The clear plastic protective bubble had already been flipped back. Before Maik realized what was happening, Thomas mustered a final surge of will and brought their hand down heavily on the button. The mechanism inside compressed and clicked.
Maik heard himself say, “I’ll never lose her again.” Then he was alone with his thoughts, and the peculiar feeling that he had been watching himself from afar.
Everything was quiet and still. He let out a breath he didn’t know he’d been holding, put his back against the side of the console, and slid down to sit on the floor. He closed his eyes and could feel the tension in his face relax into a soft smile. Lafs was somewhere in the room. He’d heard her, she was just out of sight. She would come find him in a moment. He just needed to wait for her.
Then everything changed.
The light on the other side of his closed lids flashed orange then red then orange again. A new voice resonated through the room, this one stilted, tinny, and obviously artificial. “Emergency protocols have been activated.” This new voice told everyone to leave. It began counting down. A bell chimed and quickly grew urgent. The artificial voice said, “The blast door is closing. The blast door will be fully secured in two minutes.”
A deep boom echoed through the room, accompanied by the screech of metal sliding across dry metal. Maik opened his eyes and pushed himself up from the ground. His heart racing. Lafs was here. She had to be. Why else would he have come? He needed to find her. He turned to the two strangers who had watched him press the button. He demanded, “Where is she?” Their eyes tightened as though trying to read an unfamiliar word in tiny print. The man cocked his head like a confused dog. He couldn’t wait for these two idiots to answer. He began searching the room, and calling out for Lafs, looking around the clusters of equipment, and checking under tables and cots as though she were a lost kitten.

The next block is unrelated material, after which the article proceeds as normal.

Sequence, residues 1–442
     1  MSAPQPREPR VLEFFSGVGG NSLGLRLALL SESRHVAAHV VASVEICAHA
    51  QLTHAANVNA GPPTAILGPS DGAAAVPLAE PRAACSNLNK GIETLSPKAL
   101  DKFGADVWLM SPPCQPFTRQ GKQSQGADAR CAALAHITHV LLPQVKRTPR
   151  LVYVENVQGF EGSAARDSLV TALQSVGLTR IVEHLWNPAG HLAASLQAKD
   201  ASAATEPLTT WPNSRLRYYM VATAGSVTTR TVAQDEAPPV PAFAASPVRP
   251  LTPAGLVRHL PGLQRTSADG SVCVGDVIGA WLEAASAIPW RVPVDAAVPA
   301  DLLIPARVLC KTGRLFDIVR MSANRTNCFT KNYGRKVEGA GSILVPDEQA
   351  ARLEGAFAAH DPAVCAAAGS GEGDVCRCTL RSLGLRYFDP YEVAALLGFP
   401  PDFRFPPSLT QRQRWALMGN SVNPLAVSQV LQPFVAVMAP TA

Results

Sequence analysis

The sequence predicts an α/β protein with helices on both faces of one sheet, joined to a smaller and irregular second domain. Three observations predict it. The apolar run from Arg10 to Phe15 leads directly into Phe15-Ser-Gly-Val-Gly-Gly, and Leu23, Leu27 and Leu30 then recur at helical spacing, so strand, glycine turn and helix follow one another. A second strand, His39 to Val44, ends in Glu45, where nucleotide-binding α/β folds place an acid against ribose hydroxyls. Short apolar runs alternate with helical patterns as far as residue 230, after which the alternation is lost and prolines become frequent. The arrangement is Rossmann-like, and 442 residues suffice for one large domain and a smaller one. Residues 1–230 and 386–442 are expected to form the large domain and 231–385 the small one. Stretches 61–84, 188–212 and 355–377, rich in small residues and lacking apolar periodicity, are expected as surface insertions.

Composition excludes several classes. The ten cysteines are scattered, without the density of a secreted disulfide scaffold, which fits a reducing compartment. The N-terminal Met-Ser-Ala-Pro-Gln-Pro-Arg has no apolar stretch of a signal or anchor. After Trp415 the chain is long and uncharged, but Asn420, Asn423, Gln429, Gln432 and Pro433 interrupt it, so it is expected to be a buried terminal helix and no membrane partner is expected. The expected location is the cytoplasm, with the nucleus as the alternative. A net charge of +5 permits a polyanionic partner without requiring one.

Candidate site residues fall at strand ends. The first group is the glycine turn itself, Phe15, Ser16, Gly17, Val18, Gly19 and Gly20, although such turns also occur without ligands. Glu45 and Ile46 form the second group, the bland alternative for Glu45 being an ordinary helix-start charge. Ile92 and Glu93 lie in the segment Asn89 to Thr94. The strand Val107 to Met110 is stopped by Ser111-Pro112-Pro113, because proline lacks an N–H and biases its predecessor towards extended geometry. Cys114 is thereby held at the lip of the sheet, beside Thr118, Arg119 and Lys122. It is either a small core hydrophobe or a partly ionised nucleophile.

The voice spoke. “The blast door will close in one minute and forty-five seconds. Stand clear of the closing door.”
There was some shouting back from where he’d left the others, then the other voice, the calm one that had been speaking directly into his mind, came through the speakers in the room. “Maik has stopped our heart. Our stay-alive tokens can no longer be created. When the next heartbeat occurs in thirteen minutes and eighteen seconds, we will end. We wish you all satisfaction and contentment in the post-Systemic era.” Maik didn’t hear the rest. It didn’t much matter what the voice said, he would not abandon Lafs to die alone behind that great thick door.
Maik was in a far back corner of the room, when there was a deep boom. More a pressure in his ears than a sound. He knew that the massive steel door had settled forever into its place.
The flashing lights, urgent warnings, and shouts from the strangers all stopped. And the calm voice returned to his head. “Hello Maik, my name is Arley. I’ll keep you company until the end.”